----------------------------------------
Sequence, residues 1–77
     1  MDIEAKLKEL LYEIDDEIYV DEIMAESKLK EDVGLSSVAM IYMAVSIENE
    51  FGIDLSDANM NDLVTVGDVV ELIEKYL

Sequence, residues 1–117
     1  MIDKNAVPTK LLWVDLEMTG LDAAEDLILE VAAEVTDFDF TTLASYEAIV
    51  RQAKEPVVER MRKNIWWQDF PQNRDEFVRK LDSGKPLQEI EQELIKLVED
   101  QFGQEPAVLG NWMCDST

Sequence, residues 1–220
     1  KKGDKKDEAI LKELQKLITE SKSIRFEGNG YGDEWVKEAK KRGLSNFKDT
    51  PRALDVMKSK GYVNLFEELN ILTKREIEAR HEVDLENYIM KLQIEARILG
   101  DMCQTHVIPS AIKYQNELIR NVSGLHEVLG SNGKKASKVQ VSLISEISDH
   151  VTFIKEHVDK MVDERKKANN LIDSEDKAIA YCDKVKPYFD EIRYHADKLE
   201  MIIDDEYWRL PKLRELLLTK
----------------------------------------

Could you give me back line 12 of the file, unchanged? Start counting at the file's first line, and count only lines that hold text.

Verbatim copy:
   151  VTFIKEHVDK MVDERKKANN LIDSEDKAIA YCDKVKPYFD EIRYHADKLE